Sacramento, California (AP) —California legislators approved the first state-funded guaranteed income program in the United States on Thursday. It. Voting 36-0 in the Senate and 64-0 in Congress showed bipartisan support for ideas that are gaining momentum across the country. Dozens of local programs have emerged in recent years, including those funded by the private
Sacramento, California (AP) —California legislators approved the first state-funded guaranteed income program in the United States on Thursday. It.
Voting 36-0 in the Senate and 64-0 in Congress showed bipartisan support for ideas that are gaining momentum across the country. Dozens of local programs have emerged in recent years, including those funded by the private sector, making it easier for elected civil servants to market their ideas to the public.
California’s plans are funded by taxpayers and may drive other states to follow their initiative.
“Looking at our upbringing youth statistics, they are devastating,” said Senate Republican leader Scott Wilk. “We must do everything we can to cheer up these young people.”
Local governments and organizations apply for funding and run the program. The state social welfare department decides who will get the money. California lawmakers left it up to local government officials to determine monthly payments. This typically ranges from $ 500 to $ 1,000 for existing programs across the country.
Voting is done by millions of parents First monthly payment Under the temporary expansion of federal child tax credits, many see it as a form of guaranteed income.
“Now there is momentum and things are going fast,” said Michael Tubbs, an adviser to Governor Gavin Newsom, who was a pioneer when he started the guaranteed income program as Mayor of Stockton. “The next destination is the federal government.”
For decades, most government-sponsored programs have had strict rules on how money can be spent, usually limiting benefits such as food and housing. But a guaranteed income program gives money to people who have no rules about how to use it. The idea is to reduce the stress of poverty that causes health problems and make it harder for people to find and maintain jobs.
Senator Dave Cortese, a Democrat of San Jose, said: “We are making its population very normative as the state and as the county progresses. Look at the failures. Half of them do not have a high school diploma and others of the same age. It goes without saying that we go on to school like people. “
However, critics such as John Coupal, chairman of the California-based Howard Jarvis Taxpayer Association, said the guaranteed income program “wealth from productive individuals to those who may choose not to be productive.” It is said that it is a relocation of. He said that the better use of taxpayers’ money is something else that encourages scholarships or education.
“If you target people who really need it, you’ll feel less discomfort,” he said.
The guaranteed income program dates back to the 18th century. The US government even experimented with them in the 1960s and 1970s during the Nixon administration before they lost their support.
But recently, the guaranteed income program has been revived. The program was announced in New Orleans. Oakland, CA; Tacoma, WA; Gainesville, Florida; Los Angeles — the second largest city in the United States, with plans to offer $ 1,000 per month to 2,000 poor families.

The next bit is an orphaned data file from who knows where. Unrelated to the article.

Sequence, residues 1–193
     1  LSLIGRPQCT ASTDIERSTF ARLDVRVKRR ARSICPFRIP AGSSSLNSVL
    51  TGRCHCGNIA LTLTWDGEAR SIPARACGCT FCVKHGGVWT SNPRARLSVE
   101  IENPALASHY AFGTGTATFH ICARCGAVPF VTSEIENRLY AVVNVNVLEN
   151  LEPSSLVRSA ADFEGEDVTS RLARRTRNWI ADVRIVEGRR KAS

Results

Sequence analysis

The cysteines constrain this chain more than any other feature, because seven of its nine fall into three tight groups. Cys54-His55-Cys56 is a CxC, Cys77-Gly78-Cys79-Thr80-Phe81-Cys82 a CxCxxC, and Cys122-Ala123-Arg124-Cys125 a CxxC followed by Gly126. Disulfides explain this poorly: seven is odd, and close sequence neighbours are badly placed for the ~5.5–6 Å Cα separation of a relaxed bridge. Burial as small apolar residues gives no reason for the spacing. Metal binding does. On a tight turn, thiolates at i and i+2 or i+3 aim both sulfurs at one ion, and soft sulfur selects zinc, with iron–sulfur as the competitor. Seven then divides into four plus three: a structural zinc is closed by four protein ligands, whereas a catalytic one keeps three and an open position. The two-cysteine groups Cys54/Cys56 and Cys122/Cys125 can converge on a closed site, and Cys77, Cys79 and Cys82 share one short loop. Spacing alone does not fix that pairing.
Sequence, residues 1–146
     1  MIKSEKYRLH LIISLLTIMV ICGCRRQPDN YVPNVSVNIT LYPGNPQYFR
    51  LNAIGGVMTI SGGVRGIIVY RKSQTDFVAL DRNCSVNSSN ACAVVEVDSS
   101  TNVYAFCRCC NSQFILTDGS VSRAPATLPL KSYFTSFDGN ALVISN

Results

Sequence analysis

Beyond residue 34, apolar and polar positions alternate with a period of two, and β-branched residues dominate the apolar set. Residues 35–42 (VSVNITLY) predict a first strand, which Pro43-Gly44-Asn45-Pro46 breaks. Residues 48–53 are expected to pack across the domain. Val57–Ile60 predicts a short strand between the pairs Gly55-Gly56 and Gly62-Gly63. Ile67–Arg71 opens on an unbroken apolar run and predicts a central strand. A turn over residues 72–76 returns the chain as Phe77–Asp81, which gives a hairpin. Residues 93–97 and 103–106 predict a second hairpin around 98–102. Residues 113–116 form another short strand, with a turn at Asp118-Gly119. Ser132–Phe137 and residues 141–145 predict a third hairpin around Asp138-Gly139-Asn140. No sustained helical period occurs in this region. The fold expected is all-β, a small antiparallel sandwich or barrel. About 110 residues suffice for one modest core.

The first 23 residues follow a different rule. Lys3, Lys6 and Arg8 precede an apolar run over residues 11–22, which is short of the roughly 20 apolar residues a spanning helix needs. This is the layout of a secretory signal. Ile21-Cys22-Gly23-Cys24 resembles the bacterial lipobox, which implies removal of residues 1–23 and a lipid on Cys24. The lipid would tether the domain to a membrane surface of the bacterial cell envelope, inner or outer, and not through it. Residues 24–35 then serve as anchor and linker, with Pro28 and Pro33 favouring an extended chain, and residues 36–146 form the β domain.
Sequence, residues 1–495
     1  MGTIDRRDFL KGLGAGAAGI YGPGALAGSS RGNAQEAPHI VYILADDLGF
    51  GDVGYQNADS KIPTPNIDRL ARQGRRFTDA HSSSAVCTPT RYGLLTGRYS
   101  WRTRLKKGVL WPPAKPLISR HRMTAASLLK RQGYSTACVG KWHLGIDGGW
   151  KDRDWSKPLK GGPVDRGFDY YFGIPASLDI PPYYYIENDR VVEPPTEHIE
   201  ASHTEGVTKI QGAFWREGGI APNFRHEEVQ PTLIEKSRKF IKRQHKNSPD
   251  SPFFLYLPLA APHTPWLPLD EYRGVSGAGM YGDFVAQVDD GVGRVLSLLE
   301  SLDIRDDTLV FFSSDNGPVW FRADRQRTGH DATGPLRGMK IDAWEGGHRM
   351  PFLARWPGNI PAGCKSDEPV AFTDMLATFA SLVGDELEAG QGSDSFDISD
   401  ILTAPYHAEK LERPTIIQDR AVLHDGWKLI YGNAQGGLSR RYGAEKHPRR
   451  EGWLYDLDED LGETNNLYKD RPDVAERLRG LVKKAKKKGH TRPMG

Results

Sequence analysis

The state wants to fund a program that helps pregnant women and young adults who do not have foster care to move on to their own lives. The latter includes people like Naira de Jesus, who were removed from custody of their mother at the age of 17 and went back and forth between life with their aunts, godfathers and boyfriends until they landed on the provisional housing program.
She disqualified from the program at the age of 24 last year and usually ended her government support as a foster child. Instead, Santa Clara County taxpayers pay her $ 1,000 per month with no restrictions on how she can use it. This is part of a guaranteed income program for former foster parents’ children.
De Jesus also takes care of her 9-year-old brother as his temporary guardian while fighting anxiety and depression. She said one day her condition made it difficult for her to continue working because she didn’t have enough energy to get out of bed and didn’t go to work.
She currently works full-time as a client support specialist at the Bill Wilson Center, where she works with young people in situations like her. She says she didn’t have to worry about money like she used to, and chose to save most of what she gets from a guaranteed income program. She used some of it to buy things for her brother. As my brother grows older, he becomes more interested in expensive electronics.
And she used that money to save a down payment for her “dream car”, the Blue Subaru WRX.
“I’m proud of where I am,” she said. “You don’t have to be stressed and isolated and rethink.’Oh, you don’t have enough money to pay your rent or your phone bill.”
The Santa Clara County program has so far spent $ 1.4 million on the county. Participants can receive money with their debit card and use it for purchases and withdrawals from ATMs. Melanie Jimenez Perez, who oversees the program, said county officials have asked them to fill out an investigation to monitor how they behave, but have not completed a thorough analysis. Stated.
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